Set in Victorian England, the overall triumph of this version is the never faltering and highly comic ensemble. Bouncing between pirates, ladies and awkward policemen, it was from the moment they entered as the young women all dressed in white singing Climbing over rocky mountain in a soaring harmony, I didn't want them to leave the stage. Sporting visible chest hair, five o’clock shadows and masculine physiques in corsets, gender became irrelevant. The simplicity of the set design by Robyn Wilson-Owen allowed the ensemble to transform the space physically and choreography and movement by Lizzi Gee and Lee Greenway sophisticatedly showed them off as a collective of clowns. A special mention goes to ensemble member Matthew Facchino (Ensemble) and Lee Greenway (Connie) for their excellent and consistent comic timing and energy from start to finish.

Wednesday, 18 November 2020

Nimax Theatres adds a second date for Sasha Regan’s All Male The Pirates of Penzance at the Palace Theatre London

Nimax Theatres have added a second night for Sasha Regan’s all-male take on W. S. Gilbert and Arthur Sullivan’s ‘The Pirates of Penzance’ at the Palace Theatre, Shaftesbury Avenue. The show will now run on Saturday 12th December and Sunday 13th December 2020 at 7:00pm. News of the run was received on 18th November, W. S. Gilbert’s 184th Birthday year. 

The show’s producers, Sasha Regan and Ben De Wynter are delighted to extend the run. “We have been inundated with requests for more dates,” explains Regan. “There is a real demand from theatregoers who are crying out to see Gilbert & Sullivan’s much-loved operetta. Post-lockdown, people want to see something that makes them smile again. Gilbert & Sullivan’s traditional and very funny Victorian comic opera provides the perfect laughter tonic. It’s ideal for families.” 

Despite the current lockdown, theatregoers have not been dissuaded from booking ahead. “Quite the opposite,” explains Regan. “We’ve all been cooped up for a long time and families just want to see a Christmas show. Nimax Theatres have rigorous cleaning regimes and strict Coronavirus rules on social distancing. We are all just trying to keep some of the oldest theatres in London running. I can’t thank Nimax enough for believing in this show and getting behind us.”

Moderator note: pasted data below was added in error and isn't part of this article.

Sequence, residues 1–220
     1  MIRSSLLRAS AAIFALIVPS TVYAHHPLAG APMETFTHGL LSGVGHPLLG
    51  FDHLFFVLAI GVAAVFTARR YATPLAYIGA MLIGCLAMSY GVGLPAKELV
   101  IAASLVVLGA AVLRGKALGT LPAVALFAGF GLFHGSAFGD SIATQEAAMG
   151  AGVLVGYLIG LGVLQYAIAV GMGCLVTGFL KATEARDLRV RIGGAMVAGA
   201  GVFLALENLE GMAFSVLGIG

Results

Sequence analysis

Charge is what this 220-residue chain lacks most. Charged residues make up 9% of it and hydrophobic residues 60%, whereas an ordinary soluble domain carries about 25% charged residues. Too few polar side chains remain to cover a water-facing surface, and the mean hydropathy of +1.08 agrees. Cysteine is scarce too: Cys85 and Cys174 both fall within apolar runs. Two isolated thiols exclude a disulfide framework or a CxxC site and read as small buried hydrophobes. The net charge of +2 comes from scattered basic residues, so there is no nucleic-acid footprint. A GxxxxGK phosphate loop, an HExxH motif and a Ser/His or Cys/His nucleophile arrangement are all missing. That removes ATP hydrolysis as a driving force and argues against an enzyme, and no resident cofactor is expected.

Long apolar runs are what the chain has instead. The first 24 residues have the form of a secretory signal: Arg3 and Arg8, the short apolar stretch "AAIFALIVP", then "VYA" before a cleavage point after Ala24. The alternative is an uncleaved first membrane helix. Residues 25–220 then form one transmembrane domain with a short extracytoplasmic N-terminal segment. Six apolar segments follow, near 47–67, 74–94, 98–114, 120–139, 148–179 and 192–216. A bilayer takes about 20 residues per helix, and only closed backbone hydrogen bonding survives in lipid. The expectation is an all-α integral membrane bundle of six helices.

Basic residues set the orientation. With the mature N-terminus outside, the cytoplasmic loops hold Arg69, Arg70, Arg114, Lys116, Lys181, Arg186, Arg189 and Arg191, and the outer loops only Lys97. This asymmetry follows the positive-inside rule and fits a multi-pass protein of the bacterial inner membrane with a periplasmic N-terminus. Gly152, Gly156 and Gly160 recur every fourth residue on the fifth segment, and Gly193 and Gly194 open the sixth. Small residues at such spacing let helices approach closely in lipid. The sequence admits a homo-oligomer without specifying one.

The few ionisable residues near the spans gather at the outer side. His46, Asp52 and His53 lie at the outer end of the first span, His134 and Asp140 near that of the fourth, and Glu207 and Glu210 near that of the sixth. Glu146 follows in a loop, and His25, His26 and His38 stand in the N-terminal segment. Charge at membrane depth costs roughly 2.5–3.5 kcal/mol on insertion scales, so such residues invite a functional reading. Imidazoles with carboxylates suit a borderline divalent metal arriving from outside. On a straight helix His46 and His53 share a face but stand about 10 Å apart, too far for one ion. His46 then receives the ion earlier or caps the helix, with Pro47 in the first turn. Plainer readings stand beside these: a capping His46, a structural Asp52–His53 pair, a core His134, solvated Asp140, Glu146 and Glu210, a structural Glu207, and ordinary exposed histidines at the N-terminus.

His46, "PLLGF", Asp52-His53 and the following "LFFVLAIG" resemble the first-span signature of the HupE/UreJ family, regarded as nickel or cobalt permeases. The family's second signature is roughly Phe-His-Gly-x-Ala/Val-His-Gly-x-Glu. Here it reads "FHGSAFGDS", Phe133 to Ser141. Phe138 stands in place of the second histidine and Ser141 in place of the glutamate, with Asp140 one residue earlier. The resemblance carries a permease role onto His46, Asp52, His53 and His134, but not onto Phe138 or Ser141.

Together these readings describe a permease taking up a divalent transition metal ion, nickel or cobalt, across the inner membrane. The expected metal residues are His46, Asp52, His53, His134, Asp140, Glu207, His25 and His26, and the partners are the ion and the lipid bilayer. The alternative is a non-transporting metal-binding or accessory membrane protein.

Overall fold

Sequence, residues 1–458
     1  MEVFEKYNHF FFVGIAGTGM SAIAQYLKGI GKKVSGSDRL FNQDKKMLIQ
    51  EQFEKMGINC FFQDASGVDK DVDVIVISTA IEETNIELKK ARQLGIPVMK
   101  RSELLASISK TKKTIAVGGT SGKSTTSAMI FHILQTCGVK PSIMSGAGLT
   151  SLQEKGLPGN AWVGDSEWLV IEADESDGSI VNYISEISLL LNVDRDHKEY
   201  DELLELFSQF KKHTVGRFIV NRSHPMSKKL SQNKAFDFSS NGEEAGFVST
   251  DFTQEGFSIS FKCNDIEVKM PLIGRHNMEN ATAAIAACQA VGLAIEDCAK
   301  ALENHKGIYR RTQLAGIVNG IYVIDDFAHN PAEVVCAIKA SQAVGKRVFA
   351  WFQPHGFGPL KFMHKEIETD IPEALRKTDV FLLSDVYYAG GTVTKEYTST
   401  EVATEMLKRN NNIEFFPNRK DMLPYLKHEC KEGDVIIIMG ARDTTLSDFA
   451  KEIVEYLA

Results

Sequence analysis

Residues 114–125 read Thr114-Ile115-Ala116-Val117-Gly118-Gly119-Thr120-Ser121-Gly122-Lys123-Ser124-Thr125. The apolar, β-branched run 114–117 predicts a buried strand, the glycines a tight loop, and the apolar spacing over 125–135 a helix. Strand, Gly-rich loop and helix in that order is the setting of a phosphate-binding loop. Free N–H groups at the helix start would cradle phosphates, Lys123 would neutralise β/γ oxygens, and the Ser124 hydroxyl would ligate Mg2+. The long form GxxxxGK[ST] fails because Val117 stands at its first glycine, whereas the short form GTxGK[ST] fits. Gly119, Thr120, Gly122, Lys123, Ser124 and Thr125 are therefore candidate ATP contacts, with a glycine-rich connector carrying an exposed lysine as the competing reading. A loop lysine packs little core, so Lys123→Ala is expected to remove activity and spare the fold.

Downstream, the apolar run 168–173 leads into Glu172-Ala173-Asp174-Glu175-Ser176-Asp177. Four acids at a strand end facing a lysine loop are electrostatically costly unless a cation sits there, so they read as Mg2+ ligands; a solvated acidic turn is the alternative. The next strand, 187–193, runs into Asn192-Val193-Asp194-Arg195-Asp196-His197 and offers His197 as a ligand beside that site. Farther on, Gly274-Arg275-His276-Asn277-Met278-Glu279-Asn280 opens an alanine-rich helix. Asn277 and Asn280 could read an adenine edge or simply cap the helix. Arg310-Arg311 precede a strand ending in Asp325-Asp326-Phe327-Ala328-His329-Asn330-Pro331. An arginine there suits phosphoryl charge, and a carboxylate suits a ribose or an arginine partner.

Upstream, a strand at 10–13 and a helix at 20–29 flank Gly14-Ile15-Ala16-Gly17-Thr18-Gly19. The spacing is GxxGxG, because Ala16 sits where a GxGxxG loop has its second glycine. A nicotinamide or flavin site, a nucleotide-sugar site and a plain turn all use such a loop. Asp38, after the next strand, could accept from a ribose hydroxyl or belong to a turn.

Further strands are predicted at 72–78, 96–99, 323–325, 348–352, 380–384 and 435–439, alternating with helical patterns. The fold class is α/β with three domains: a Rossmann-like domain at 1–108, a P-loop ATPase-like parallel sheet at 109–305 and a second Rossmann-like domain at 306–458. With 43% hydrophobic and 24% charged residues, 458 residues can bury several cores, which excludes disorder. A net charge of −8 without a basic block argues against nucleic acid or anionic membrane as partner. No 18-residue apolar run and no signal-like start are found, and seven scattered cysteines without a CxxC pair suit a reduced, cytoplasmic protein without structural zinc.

The production was first staged at her original 50-seater Union Theatre in Southwark over a decade ago. From day one it became a critically acclaimed overnight hit, winning Best Off-West End production in the 2009 WhatsOnStage Awards. Following several sell-out runs in the UK, the merry band of pirates toured Australia including a month-long run at Cate Blanchett’s Sydney Theatre - a tremendous feat for a small Off West End company.

Friday, 27 July 2018

REVIEW: Fame the Musical at the Palace Theatre, Manchester

After a not so successful production of Fame in 2014, produced by Bill Kenwright, the return of the show was a slight surprise to many in the industry. Selladoor productions haven’t got the best reputation here at pocket, with their productions often slated as cheap and amateurish. However, the bar has been raised with this new production. 

Fame tells the story of a new year beginning at a performing arts school and the challenges they face going through that. Unfortunately, the writing didn’t allow the storylines to really develop very much and a lot of things were skimmed past but the elements that were explored were good and had the audience wrapped around the productions little finger. 

An element that fills me with dread are the two words ‘Actor Musician’. I have seen far too many productions where this is used as a way to avoid spending money and it hasn’t worked but this was very carefully done. Only a few actors play instruments but it’s within the context of the show and showcased the actors amazingly.